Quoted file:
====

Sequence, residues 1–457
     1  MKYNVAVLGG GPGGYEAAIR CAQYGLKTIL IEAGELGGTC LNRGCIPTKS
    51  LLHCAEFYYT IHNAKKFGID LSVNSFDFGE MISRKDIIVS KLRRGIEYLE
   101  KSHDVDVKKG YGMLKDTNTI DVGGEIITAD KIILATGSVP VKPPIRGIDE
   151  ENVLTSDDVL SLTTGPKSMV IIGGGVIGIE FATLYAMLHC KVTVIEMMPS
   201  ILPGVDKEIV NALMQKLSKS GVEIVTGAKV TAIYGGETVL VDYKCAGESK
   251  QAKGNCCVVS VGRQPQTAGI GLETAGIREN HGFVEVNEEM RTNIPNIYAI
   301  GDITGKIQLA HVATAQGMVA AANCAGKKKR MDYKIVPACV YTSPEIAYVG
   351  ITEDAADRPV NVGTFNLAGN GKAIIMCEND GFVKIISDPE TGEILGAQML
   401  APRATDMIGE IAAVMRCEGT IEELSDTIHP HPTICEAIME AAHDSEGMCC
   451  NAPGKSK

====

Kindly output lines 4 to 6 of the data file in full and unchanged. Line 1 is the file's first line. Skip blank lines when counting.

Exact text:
   101  KSHDVDVKKG YGMLKDTNTI DVGGEIITAD KIILATGSVP VKPPIRGIDE
   151  ENVLTSDDVL SLTTGPKSMV IIGGGVIGIE FATLYAMLHC KVTVIEMMPS
   201  ILPGVDKEIV NALMQKLSKS GVEIVTGAKV TAIYGGETVL VDYKCAGESK